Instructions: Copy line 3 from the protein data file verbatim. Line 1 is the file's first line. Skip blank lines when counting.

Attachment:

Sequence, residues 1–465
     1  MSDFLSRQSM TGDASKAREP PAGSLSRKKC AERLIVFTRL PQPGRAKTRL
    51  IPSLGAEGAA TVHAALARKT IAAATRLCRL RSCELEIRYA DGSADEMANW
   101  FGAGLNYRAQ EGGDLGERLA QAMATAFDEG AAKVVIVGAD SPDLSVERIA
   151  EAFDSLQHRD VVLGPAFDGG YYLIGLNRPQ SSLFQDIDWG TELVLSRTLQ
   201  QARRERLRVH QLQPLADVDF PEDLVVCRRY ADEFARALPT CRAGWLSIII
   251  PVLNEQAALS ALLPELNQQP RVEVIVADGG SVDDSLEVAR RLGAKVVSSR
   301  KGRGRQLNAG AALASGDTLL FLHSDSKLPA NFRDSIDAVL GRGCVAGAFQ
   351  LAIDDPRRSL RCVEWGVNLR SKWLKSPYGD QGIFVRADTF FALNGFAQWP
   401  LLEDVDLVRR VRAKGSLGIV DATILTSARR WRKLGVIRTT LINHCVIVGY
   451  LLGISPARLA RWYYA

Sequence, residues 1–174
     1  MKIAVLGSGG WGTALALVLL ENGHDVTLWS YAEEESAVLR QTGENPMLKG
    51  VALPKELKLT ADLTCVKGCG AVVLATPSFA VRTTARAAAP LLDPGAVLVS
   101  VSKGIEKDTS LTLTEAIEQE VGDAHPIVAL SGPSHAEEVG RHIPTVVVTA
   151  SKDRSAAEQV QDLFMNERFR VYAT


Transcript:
    51  IPSLGAEGAA TVHAALARKT IAAATRLCRL RSCELEIRYA DGSADEMANW